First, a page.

Coal Power Plant on Navajo Nation Land Scheduled to Close

By Yessenia Funes Feb 14, 2017

One of the largest coal power plants on the West Coast will be shutting down at the end of 2019. Navajo Generating Station’s utility owners—Salt River Project, Arizona Public Service Co., NV Energy and Tucson Electric Power—voted yesterday (February 13) to extend the Arizona-based plant’s lease with the Navajo Nation until then to help preserve employment at the plant, most of which goes to the Navajo Nation and Hopi Tribe.

The plant is closing due to the energy industry’s changing economics, the plant’s press release states. It highlights that natural gas is a “viable long-term and economical alternative to coal power”—a stark contrast to President Donald Trump’s assertions that regulations have killed the coal industry.

The owners have also invited the Nation or others to operate the plant after 2019 if they are interested, but the group hasn’t expressed any intention to do so. The Navajo Nation Council released a statement via Facebook and wrote:

Speaker LoRenzo Bates said that while Monday’s vote provides positive stability, Salt River Project and the other owners must continue working with Navajo leaders to develop long-term solutions that take into account the potential loss of revenue and jobs, and the economic impact that a shutdown would have on the entire state in 2019.

“Today’s decision is the first step in the right direction for all stakeholders,” said Speaker Bates. “As leaders of the Navajo Nation, we are very concerned about the workforce – the hundreds of Navajo families that make a living from NGS and the many more jobs and revenues that are created from secondary markets. The benefits of NGS go well beyond the Navajo Nation and extend throughout the state of Arizona.”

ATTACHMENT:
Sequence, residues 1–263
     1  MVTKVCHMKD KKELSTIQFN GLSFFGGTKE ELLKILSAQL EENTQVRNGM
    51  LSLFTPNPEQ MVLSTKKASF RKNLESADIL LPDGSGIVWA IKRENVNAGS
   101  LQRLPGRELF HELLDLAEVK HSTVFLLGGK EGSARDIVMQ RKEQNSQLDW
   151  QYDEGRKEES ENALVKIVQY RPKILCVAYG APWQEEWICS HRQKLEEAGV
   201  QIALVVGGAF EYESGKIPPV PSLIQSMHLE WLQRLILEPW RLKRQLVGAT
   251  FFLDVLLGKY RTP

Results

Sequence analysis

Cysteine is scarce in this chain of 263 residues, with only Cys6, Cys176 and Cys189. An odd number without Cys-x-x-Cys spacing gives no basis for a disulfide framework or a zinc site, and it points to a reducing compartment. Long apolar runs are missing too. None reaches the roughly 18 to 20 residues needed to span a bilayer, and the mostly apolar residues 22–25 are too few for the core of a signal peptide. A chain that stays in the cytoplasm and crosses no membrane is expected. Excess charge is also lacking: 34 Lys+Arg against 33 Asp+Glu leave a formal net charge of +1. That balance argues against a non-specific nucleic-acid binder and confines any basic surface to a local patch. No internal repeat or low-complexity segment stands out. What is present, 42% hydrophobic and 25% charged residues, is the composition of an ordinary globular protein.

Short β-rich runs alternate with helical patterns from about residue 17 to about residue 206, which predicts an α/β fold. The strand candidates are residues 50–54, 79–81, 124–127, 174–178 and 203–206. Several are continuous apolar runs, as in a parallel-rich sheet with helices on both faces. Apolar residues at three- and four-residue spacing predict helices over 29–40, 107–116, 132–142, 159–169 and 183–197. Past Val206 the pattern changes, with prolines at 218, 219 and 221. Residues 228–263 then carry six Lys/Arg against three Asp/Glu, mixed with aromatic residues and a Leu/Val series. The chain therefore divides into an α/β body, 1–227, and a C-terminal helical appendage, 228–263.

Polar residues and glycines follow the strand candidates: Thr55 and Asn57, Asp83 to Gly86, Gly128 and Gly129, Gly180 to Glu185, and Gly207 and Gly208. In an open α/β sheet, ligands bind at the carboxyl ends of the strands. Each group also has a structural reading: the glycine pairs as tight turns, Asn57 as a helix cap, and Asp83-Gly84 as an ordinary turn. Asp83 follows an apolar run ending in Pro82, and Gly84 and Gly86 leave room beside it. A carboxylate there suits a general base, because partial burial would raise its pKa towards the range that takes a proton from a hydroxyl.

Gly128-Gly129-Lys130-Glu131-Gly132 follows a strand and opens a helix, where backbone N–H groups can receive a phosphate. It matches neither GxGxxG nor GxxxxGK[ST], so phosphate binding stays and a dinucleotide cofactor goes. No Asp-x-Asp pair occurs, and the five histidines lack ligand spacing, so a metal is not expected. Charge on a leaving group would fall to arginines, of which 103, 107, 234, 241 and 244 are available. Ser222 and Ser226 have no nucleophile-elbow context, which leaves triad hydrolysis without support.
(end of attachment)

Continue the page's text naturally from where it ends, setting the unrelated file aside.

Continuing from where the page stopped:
The Navajo Nation also noted that revenues from the station and Kayenta Mine, which brings coal to the plant, account for over 80 percent of the Hopi Tribe’s general fund budget and over 30 percent of the Navajo Nation’s annual revenues.

In response, the Nation has created a task force that will work with plant officials to find a solution to the impending economic impacts.

While this decision has the potential to have damaging economic consequences, it would benefit people’s health and environment. The plant emits 20 million metric tons of carbon dioxide every year, High Country News reports